One circumstance is remarkable; that, dirty as the women-servants are, and notwithstanding the enormous size of Mexican houses, and Mexican families, the houses themselves are, generally speaking, the perfection of cleanliness. This must be due either to a good housekeeper, which is rarely to be found, or to the care taken by the mistress of the house herself. That private houses should have this advantage over churches and theatres, only proves that ladies know how to manage these matters better than gentlemen, so that one is inclined to wish a la Martineau, that the Mexican police were entirely composed of old women.

12th. — I have formed an acquaintance with a very amiable and agreeable nun in the convent of Santa Teresa, one of the strictest orders. I have only seen her twice, through a grating. She is a handsome woman of good family, and it is said of a remarkably joyous disposition; fond of music and dancing, and gay society, yet at the age of eighteen, contrary to the wishes of all her family, she took the veil, and declares she has never repented of it. Although I cannot see her, I can hear her voice, and talk to her through a turning wooden screen, which has a very mysterious effect. She gives me an account of her occupations and of the little events that take place in her small world within; whilst I bring her news from the world without. The common people have the greatest veneration for the holy sisterhood, and I generally find there a number of women with baskets, and men carrying parcels or letters; some asking their advice or assistance, others executing their commissions, bringing them vegetables or bread, and listening to the sound of their voice with the most eager attention. My friend, the Madre —— has promised to dress a number of wax figures for me, in the exact costume of all the different nuns in Mexico, beginning with that of her own convent.

I have now seen three nuns take the veil; and, next to a death, consider it the saddest event that can occur in this nether sphere; yet the frequency of these human sacrifices here is not so strange as might at first appear. A young girl, who knows nothing of the world, who, as it too frequently happens, has at home neither amusement nor instruction, and no society abroad, who from childhood is under the dominion of her confessor, and who firmly believes that by entering a convent she becomes sure of heaven; who moreover finds there a number of companions of her own age, and of older women who load her with praises and caresses — it is not, after all, astonishing that she should consent to insure her salvation on such easy terms.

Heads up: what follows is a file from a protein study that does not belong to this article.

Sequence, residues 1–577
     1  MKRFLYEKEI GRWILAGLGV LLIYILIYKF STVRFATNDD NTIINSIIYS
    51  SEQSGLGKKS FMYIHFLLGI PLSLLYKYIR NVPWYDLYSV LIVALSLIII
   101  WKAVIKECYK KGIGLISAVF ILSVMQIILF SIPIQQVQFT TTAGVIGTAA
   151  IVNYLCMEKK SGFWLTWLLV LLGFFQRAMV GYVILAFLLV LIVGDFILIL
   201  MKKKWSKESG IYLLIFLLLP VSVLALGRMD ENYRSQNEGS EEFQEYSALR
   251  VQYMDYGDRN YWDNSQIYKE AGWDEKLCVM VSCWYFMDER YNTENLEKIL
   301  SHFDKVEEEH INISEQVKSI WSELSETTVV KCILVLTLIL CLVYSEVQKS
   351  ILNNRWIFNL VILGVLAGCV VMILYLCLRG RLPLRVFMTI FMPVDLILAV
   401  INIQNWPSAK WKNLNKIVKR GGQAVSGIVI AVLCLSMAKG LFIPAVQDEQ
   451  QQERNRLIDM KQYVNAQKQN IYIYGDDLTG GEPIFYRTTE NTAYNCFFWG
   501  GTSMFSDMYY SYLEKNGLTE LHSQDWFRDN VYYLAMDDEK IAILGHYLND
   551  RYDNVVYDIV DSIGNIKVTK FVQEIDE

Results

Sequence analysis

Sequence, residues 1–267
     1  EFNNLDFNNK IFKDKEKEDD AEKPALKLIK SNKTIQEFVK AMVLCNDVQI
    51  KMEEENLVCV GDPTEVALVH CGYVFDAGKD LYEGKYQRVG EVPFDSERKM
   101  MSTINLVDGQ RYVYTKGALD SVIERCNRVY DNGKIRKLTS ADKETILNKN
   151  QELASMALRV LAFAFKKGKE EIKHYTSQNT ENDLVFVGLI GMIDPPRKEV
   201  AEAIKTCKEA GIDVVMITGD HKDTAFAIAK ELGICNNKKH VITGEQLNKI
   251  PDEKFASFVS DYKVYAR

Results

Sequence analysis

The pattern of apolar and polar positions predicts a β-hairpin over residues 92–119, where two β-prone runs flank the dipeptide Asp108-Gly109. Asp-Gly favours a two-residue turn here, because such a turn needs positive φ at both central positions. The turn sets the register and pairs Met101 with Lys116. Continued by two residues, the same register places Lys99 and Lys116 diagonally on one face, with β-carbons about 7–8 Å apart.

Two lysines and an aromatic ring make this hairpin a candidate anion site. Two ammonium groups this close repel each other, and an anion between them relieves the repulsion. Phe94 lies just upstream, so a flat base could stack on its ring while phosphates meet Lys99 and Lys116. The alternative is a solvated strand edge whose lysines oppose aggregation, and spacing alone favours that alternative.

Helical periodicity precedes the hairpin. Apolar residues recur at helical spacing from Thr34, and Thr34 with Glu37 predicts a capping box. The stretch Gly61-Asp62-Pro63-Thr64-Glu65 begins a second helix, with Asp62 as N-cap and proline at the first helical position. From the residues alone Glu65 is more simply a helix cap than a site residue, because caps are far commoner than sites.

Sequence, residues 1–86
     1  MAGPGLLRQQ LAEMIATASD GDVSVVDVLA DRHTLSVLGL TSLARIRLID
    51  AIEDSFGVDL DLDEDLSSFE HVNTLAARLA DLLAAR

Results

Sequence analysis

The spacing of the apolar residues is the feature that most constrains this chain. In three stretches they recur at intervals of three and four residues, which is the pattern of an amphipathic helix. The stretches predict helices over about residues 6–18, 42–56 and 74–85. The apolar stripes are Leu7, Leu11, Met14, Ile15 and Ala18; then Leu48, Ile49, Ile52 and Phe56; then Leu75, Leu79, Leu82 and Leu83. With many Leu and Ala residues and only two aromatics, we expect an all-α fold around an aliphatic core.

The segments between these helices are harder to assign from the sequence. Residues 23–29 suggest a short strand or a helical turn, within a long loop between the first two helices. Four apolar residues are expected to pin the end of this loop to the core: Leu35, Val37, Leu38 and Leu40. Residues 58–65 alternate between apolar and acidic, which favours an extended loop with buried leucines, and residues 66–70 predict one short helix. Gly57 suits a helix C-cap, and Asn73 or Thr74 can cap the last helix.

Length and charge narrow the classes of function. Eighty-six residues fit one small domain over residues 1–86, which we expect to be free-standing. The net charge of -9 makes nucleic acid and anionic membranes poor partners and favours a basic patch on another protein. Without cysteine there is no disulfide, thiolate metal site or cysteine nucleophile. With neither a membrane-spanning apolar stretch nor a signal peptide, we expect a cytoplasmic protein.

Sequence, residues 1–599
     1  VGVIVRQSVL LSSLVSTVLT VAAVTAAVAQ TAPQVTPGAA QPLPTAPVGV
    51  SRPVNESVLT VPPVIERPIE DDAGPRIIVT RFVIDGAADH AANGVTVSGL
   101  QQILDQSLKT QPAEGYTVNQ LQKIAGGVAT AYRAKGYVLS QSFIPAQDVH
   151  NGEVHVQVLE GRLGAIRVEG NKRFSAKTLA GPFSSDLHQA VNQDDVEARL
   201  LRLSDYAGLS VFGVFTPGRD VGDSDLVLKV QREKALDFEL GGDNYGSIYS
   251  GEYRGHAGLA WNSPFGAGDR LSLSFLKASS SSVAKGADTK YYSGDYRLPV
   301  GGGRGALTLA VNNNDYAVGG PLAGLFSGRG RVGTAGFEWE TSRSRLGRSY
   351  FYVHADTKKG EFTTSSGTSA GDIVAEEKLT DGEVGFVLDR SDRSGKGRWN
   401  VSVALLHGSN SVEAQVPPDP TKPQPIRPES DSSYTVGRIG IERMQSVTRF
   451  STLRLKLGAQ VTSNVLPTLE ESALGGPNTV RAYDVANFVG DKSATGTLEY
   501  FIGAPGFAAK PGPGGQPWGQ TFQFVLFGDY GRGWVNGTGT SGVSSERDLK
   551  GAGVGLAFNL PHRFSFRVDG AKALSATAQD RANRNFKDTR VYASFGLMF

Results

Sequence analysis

Add to this the splendour of the ceremony, of which she is the sole object; the cynosure of all approving eyes. A girl of sixteen finds it hard to resist all this. I am told that more girls are smitten by the ceremony, than by anything else, and am inclined to believe it, from the remarks I have heard made on these occasions by young girls in my vicinity. What does she lose? A husband and children? Probably she has seen no one who has touched her heart. Most probably she has hitherto seen no men, or at least conversed with none but her brothers, her uncles, or her confessor. She has perhaps also felt the troubles of a Mexican menage. The society of men! She will still see her confessor, and she will have occasional visits from reverend padres and right reverend bishops.

Some of these convents are not entirely free from scandal. Amongst the monks, there are many who are openly a disgrace to their calling, though I firmly believe that by far the greater number lead a life of privation and virtue. Their conduct can, to a certain extent, be judged of by the world; but the pale nuns, devout and pure, immured in the cloister for life, kneeling before the shrine, or chanting hymns in the silence of the night, a veil both truly and allegorically must shade their virtues or their failings. The nuns of the Santa Teresa and of other strict orders, who live sparingly, profess the most severe rules, and have no servants or boarders, enjoy a universal reputation for virtue and sanctity. They consider the other convents worldly, and their motto is, “All or nothing; the world or the cloister.” Each abbess adds a stricter rule, a severer penance than her predecessor, and in this they glory. My friend the Madre —— frequently says — “Were I to be born again, I should choose, above every lot in life, to be a nun of the Santa Teresa, but of no other convent.” . . .

It is strange how, all the world over, mankind seems to expect from those who assume religion as a profession a degree of superhuman perfection. Their failings are insisted upon. Every eye is upon them to mark whatsoever may be amiss in their conduct. Their virtues, their learning, their holy lives — nothing will avail them, if one blot can be discovered in their character. There must be no moral blemish in the priesthood. In the Catholic religion, where more is professed, still more is demanded, and the errors of one padre or one ecclesiastic seem to throw a shade over the whole community to which they belong.

Last updated Sunday, March 27, 2016 at 12:01